One significant result saw the Tories retain control of Kensington and Chelsea despite anger over the response to the Grenfell Tower tragedy.
The Conservatives also gained Barnet, with Labour missing out on a key target council following its anti-Semitism row. The borough has a large Jewish community.
For UKIP, the highs of 2014 have turned into near obliteration, with the party losing 84 seats by 6.30am and retaining just two.
There were bright spots for Labour after 150 local authorities in England headed to the polls, but overall the party did not live up to expectations.
There was good news in Greater Manchester, where they became the largest party for the first time in 15 years – with the Tories losing overall control.
Labour also gained Plymouth, taking control from the Conservatives, but Mr Corbyn will come under pressure over disappointing results in the Midlands, with his party losing control of Derby and Nuneaton and Bedworth.
They also failed to take their target council of Walsall, which remained in no overall control.
There was plenty to cheer for the Lib Dems, who gained Richmond from the Tories amid signs of a Brexit backlash in a strong Remain-supporting area.
But overall Mrs May will be happy. There were gains in Peterborough and Basildon, the latter a result of capitalising on UKIP’s demise.
In London, the Tories also successfully defended Wandsworth and Westminster boroughs despite Labour hopes they could take both.
Meanwhile, Dudley remained in no overall control but the council’s Tory leader was confident a UKIP councillor and independent Conservative would join their group to hand them effective control.
With more than 100 of the 150 councils declared, the Tories were down one council overall, while Labour were unchanged.
The PM visited Wandsworth on Friday morning to congratulate local Tories for holding off the challenge of Labour.
She told cheering activists that the opposition “threw everything” at “one of their top targets” but failed.
Mrs May added: “We’ve seen other success in London. We’ve held Hillingdon, Barnet, Westminster.
“And outside of London, we’ve made progress in places like Dudley and Walsall. We’ve taken control in Basildon and Peterborough.
“And that’s all the result of the really hard work of our councillors, our activists, our supporters and our revitalised campaign machine.
“But we won’t take anything for granted. We will continue to work hard for local people and we will build on this success for the future.”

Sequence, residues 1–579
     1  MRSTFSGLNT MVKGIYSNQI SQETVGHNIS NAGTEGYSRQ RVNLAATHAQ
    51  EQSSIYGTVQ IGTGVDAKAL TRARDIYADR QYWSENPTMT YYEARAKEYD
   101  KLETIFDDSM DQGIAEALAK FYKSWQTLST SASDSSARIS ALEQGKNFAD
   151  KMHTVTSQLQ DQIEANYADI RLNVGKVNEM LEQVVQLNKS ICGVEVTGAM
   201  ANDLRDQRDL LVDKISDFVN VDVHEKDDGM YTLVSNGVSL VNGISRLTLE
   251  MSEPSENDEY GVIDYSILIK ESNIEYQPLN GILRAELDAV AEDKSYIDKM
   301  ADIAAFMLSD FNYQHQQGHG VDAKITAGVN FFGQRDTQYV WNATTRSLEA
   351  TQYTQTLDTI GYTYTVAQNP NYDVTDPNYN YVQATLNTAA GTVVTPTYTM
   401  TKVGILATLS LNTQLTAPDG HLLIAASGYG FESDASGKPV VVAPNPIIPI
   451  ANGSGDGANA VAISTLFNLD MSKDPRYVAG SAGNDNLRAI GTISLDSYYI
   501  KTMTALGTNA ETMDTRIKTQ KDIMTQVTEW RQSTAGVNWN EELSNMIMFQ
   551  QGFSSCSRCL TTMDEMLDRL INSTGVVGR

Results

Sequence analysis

When asked by Sky News if the results showed Labour had passed the point of “peak Corbyn”, the Labour leader said:
“No, no, there is much more to come and it’s going to get even better.”
The Labour leader told Sky News: “We were defending seats that were last won in 2014, which was a particularly good year for Labour in local government.
“Obviously, I am disappointed at any places where we lost a bit of ground, but if you look at the overall picture, Labour gained a lot of seats across the whole country, we gained a lot of votes in places we never had those votes before.”
He added: “We are ready for a general election whenever it comes. A year ago, a general election was surprisingly called and we had the biggest swing to Labour for decades.
“We are absolutely ready for it. We have got members, we have got organisation, we have got enthusiasm.”
Counting is continuing throughout Friday, when mayoral results will also be declared.
Commenting on Tory fortunes, International Trade Secretary Liam Fox told Sky News: “It’s at the higher end of what we might have expected. It’s certainly a poor night in terms of the Labour Party outside London.”
More from Conservatives
Labour and Tories both lumbering like zombies after local elections
Cigarettes and tears as Labour count cost of anti-Semitism row
Conservatives hold Kensington and Chelsea despite Grenfell anger
Tory deputy chair James Cleverly denies party has Islamophobia problem
All you need to know about the local elections
HMRC raised Lycamobile’s Tory donations in denial of search warrant request
Speaking to Sky News, Labour shadow chancellor John McDonnell played down suggestions his party should have been enjoying a more dominant night.
He said: “All the hype in the media about Labour gains in certain boroughs was never going to be the case. What we were looking for was steady progress.”